FIFTH AVENUE is New York's fashionable thoroughfare, famed for its costly residences and the people who live in them, its hotels, clubs, churches and libraries, and the brilliant social display which gives to the street its dominant air. Beginning at Washington Square on the south, it extends north six miles, past the Central Park to the Harlem River.
One of the best ways to see Fifth Avenue, the best residential sections, the fashionable shopping districts and the hotel and amusement centers of New York City, is from the tops of the Fifth Avenue 'buses, which traverse at frequent intervals Fifth Avenue, Riverside Drive and other important thoroughfares. Several important avenues north of Central Park are served, and there is also a line connecting with the Pennsylvania Station and an important crosstown line that connects the residential sections lying on either side of Central Park.
Many important public buildings and the leading churches of the city are passed, among these being the Public Library and the Metropolitan Museum of Art.
The Riverside Drive Line, which leaves Fifth Avenue at Fifty-seventh street, gives an unrivalled view of the Hudson and Palisades, the Soldiers' and Sailors' Monument, Grant's Tomb and Claremont. On any line the fare is lo cents. For routes see Ready Reference.
WASHINGTON SQUARE has a statue of the Italian patriot Giuseppe Garibaldi, presented by Italian residents of the United States. A bronze bust erected by engineers of America and Europe commemorates Alexander L. Holley as "foremost among those whose genius and energy established in America and improved throughout the world the manufacture of Bessemer steel." The large building east of the Square belongs to the New York University, which has here certain of its schools.
The WASHINGTON ARCH, spanning the drive at the beginning of Fifth avenue, is a perpetuation of the one designed by Stanford White for the celebration in 1889 of the centennial of Washington's Inauguration as first President. It is of white marble, 77 feet in height, and has a span of 30 feet. Its cost of $128,000 was defrayed by popular subscription. The words from Washington's Inaugural Address are engraved upon it: "Let us raise a standard to which the wise and honest can repair. The event is in the hands of God."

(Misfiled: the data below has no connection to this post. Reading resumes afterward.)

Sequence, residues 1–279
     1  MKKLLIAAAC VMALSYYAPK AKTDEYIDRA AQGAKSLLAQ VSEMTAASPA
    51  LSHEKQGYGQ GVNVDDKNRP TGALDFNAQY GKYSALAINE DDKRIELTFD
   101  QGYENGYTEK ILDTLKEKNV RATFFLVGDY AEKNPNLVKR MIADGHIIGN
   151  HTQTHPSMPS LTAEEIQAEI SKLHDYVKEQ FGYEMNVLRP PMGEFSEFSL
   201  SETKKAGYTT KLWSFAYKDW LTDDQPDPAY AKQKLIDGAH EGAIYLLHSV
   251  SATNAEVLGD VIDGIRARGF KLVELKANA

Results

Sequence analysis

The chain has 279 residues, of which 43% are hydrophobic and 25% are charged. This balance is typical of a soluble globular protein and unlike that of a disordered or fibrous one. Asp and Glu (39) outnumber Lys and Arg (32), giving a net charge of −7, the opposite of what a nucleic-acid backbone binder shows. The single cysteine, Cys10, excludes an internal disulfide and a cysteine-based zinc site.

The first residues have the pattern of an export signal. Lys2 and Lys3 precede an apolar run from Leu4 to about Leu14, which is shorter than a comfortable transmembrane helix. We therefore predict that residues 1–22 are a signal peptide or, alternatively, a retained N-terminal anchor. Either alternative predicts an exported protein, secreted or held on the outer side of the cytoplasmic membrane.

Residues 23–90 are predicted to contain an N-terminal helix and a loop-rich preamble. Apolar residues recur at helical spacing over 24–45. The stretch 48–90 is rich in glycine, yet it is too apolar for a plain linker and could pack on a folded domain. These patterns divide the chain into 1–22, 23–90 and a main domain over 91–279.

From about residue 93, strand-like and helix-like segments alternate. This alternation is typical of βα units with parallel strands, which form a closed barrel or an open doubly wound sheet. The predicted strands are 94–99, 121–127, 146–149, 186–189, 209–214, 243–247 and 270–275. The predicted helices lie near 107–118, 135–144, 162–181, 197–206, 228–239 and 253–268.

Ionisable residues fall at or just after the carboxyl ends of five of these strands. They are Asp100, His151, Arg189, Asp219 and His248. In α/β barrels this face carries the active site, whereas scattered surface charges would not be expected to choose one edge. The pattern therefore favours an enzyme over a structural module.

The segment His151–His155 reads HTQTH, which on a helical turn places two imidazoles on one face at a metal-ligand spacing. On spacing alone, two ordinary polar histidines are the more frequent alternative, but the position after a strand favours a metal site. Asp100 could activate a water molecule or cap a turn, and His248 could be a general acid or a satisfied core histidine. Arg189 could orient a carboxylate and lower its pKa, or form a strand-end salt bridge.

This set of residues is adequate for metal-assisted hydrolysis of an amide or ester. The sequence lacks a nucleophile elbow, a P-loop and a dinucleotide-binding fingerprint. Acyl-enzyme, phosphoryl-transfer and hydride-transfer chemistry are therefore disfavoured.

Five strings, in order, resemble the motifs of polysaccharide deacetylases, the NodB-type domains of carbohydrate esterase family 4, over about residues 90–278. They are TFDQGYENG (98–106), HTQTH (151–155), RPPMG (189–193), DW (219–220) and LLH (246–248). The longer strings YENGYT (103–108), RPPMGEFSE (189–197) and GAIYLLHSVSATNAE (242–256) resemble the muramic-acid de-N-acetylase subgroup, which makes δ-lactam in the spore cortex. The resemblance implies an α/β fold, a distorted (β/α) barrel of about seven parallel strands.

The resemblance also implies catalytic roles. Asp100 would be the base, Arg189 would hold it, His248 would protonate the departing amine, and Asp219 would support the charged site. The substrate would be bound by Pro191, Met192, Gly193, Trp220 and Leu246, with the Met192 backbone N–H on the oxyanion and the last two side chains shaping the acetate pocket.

The aristocratic mansions on the north occupy part of the Randall farm, which in 18o1 Capt. Robert Richard Randall bequeathed for a Snug Harbor for superannuated sailors. The Harbor is situated on Staten Island, and is still supported by the old farm, which, extends north and east. These North Washington square houses have about them a fine flavor of yesterday, and preserve an old-fashioned air which accentuates their dignity as conservers of the old-time gentility. This small section at the beginning of the avenue has maintained a residential character and exclusiveness, of which the avenue to the north has been robbed by the inexorable encroachment of business. From loth street to 23d, loft buildings and other commercial structures have supplanted the old-time brownstone fronts; and from here to 42d street and gradually extending north the avenue is lined with shops which make it the richest shopping district in the world.
At 23d Street the avenue crosses Broadway and borders Madison square. On the right at 23d street is the huge Flatiron Building. On the left is the Fifth Avenue Building, and the vista of Broadway stretches away to the north. MURRAY HILL begins at 34th street. The district so designated, including the avenue and the side streets, was long the most fashionable residence section of New York.
The name was derived from the farm of Robert Murray, a Pennsylvania Quaker, who came here before the Revolution, and whose house, "Inclenberg," was on the Boston High Road, at the present intersection of Thirty-sixth street and Madison avenue, one block east from Fifth avenue. The Murrays are remembered also for a signal service to the American troops in 1776. On Sept. 15, 1776, Washington's forces being in retreat from the lower part of the city, and the British seeking to intercept them, General llowe and his staff halted at "Inclenb erg" to inquire how long since the Americans had passed. As a matter of fact, it was only ten minutes. but the good old Quaker lady assured the British officers that so much time had elapsed that pursuit was hopeless; and the day being insufferably hot, she invited them to alight and refresh themselves. Then with cake and wine and woman's wit she entertained them and detained them two hours, during which time the Americans made good their retreat to Harlem heights. A son of these Murrays of Murray hill was Lindley Murray, who published a famous "Grammar of the English Language" in 1795, and with reference to whom it is often said colloquially that some lapse of speech "would make Lindley Murray turn in his grave."
At 39th street is the UNION LEAGUE CLUB, organized by Republicans in 1863 to assist the Union cause. It is perhaps the New York club which has the widest national reputation.
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